PGA commissioner Jay Monahan should be fired for many reasons

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Mark Cannizzaro

Jay must go.

In the wake of the stunning, about-face announcement Tuesday that the PGA Tour and the Saudi owners of LIV Golf have jumped into bed together after two-plus years of intense acrimony and vitriol, the trust between PGA Tour commissioner Jay Monahan and the tour’s players has eroded like a baked-out sand trap.

The damage is widespread and it’s irreparable.

That is the primary reason that Monahan should not continue in his role, but not the only reason.

Monahan has, in large part, butchered the invasion of LIV Golf into the sport since before the controversial tour was started, never taking it seriously and declining to at least look into a way to stave it off as a competitor to the PGA Tour.

Monahan had the chance to cut the Saudi-funded tour off at the knees when Phil Mickelson and three other high-profile players came to him in the fall of 2021 with a proposal to buy out (with an investor) six to eight of the PGA Tour’s so-called lesser events — tournaments that did not attract a lot of the top players and thus didn’t draw a lot of TV and sponsor attention to them — and turn them into star-power team events.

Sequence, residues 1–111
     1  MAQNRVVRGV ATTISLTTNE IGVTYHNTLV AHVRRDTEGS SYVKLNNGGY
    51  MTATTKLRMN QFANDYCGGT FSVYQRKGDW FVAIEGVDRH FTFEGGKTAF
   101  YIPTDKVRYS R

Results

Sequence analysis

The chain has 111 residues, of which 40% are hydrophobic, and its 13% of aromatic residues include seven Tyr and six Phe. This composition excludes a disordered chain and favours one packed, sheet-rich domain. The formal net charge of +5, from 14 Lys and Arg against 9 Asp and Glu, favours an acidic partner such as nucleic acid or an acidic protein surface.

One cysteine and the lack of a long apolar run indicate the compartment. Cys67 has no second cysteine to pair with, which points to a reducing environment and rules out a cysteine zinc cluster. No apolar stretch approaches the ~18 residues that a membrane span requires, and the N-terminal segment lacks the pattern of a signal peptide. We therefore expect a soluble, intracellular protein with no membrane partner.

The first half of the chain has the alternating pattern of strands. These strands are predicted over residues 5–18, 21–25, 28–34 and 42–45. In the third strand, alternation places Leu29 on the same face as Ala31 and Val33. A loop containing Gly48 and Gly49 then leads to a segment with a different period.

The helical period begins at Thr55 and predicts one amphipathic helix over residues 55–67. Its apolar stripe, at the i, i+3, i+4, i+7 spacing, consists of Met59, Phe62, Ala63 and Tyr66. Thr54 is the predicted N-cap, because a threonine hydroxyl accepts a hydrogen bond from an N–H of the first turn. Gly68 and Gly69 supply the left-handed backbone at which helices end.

Jay Monahan
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At the time, Monahan, according to multiple sources, told the potential investor, “I don’t think this LIV thing is going to happen.’’

Just months later, after LIV Golf had gotten off the ground and was gaining attention, Monahan and the PGA Tour were scrambling to try to keep their players happy by creating “elevated’’ tournaments with $20 million purses they claim now they can no longer afford to sustain. Monahan conceded as much Tuesday when explaining the reasons for the decision to take the Saudis’ money.

So, here we are: Monahan sitting in that CNBC studio alongside Yasir Al-Rumayyan, the governor of the Public Investment Fund that oversees LIV Golf, looking like long-lost friends. And Monahan happily accepting the very Saudi money he banned PGA Tour players for taking when they joined LIV Golf.

The hypocrisy has incensed the players — and not just the ones who were banned for going to LIV, but even more so those who remained loyal to the PGA Tour by not taking the tens (and in some cases hundreds) of millions in Saudi money.

Monahan, in an interview with Golf Channel on Wednesday, said there will be a plan in place to compensate the PGA Tour players who remained loyal, though the specifics of that plan are very much yet to be determined. Monahan is still in scramble mode.

“I feel betrayed, and will not be able to trust anyone within the corporate structure of the PGA Tour for a very long time,” veteran PGA Tour pro Wesley Bryan tweeted.

Byeong Hun An, in a tweet, called the deal “a big lose for [those] who defended the Tour for the last two years.”

Ryan Armour, one of 16 members of…

Read More: PGA commissioner Jay Monahan should be fired for many reasons 2023-06-08 00:26:00

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